One of the oldest school buildings in Hawaii that is still in use, Kawaiahao Hall was built to house Kawaiahao Seminary, which was established in 1864 as a boarding school for Hawaiian girls. Originally, the seminary was located across S. King Street from today's Mission Houses Museum (OA61). It was moved to this thirty-two-acre Manoa site in 1908, when it merged with Mills Institute, a boarding school for Chinese and, later, Japanese and Korean boys. The combined schools, both of which operated under the wings of the Hawaiian Evangelical Association, were renamed Mid-Pacific Institute.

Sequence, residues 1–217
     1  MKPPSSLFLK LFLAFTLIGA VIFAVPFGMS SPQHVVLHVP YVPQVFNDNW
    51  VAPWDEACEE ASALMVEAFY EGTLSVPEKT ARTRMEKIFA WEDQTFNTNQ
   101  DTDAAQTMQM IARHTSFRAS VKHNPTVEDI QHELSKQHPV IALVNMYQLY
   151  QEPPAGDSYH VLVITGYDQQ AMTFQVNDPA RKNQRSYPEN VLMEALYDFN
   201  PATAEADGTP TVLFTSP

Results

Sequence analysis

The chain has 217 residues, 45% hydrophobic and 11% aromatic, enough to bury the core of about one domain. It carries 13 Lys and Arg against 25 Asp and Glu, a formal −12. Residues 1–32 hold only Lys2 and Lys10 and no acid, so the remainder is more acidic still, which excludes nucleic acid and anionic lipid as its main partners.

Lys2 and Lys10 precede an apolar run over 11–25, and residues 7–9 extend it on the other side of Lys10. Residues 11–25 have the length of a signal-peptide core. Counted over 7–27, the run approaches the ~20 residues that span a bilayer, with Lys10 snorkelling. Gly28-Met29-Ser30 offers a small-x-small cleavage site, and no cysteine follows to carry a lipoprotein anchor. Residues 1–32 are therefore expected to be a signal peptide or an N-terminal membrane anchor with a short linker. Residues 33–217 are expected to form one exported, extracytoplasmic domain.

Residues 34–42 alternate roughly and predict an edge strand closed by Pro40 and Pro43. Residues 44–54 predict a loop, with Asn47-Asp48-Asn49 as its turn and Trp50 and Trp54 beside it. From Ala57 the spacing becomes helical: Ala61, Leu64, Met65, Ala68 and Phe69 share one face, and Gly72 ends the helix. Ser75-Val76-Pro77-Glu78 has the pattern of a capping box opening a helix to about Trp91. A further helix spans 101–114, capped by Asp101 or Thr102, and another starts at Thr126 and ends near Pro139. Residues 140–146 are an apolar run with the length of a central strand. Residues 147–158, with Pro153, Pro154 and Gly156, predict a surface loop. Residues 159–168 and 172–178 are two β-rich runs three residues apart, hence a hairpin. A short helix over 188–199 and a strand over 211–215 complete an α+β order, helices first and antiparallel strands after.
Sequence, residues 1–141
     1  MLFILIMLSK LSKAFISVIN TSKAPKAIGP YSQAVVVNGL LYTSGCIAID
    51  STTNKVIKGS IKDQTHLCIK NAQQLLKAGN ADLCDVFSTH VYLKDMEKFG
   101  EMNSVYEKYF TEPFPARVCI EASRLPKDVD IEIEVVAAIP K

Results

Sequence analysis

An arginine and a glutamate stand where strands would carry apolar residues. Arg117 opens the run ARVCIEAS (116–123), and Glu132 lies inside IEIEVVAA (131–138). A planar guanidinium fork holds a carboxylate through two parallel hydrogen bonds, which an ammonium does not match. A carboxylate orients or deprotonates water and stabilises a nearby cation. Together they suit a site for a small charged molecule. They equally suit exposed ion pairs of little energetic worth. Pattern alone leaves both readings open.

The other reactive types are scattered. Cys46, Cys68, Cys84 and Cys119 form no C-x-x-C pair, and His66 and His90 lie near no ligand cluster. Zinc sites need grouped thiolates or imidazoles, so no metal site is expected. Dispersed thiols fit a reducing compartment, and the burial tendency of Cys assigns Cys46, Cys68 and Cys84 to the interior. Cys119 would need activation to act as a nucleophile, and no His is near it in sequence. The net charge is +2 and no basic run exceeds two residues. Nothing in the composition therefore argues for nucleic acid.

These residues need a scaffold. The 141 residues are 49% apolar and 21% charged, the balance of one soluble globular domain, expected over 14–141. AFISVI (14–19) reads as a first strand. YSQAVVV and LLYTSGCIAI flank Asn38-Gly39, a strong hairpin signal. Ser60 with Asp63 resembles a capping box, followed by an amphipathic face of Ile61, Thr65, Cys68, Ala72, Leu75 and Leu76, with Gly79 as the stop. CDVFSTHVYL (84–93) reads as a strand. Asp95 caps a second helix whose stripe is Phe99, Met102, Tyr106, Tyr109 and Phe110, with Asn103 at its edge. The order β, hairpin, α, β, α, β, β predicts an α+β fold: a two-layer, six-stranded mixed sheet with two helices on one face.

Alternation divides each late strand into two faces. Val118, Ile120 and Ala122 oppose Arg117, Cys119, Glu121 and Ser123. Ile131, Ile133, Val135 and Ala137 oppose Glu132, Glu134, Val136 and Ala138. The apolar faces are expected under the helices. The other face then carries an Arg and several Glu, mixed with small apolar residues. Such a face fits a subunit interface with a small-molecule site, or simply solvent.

The sturdy, three-story building with rusticated basalt walls stands on a raised foundation and presides over the campus from the top of a small rise. Its shed-roofed dormers and similarly roofed, chaletlike balconies root the building to the site. The first story is marked by a round-arched arcade, a portion of which is now enclosed. In 1981, the interior was gutted and revamped for contemporary scholastic needs. Originally, Kawaiahao Hall had a companion lava-rock structure, Wilcox Hall, which housed Mills Institute; it was destroyed by fire in 1950.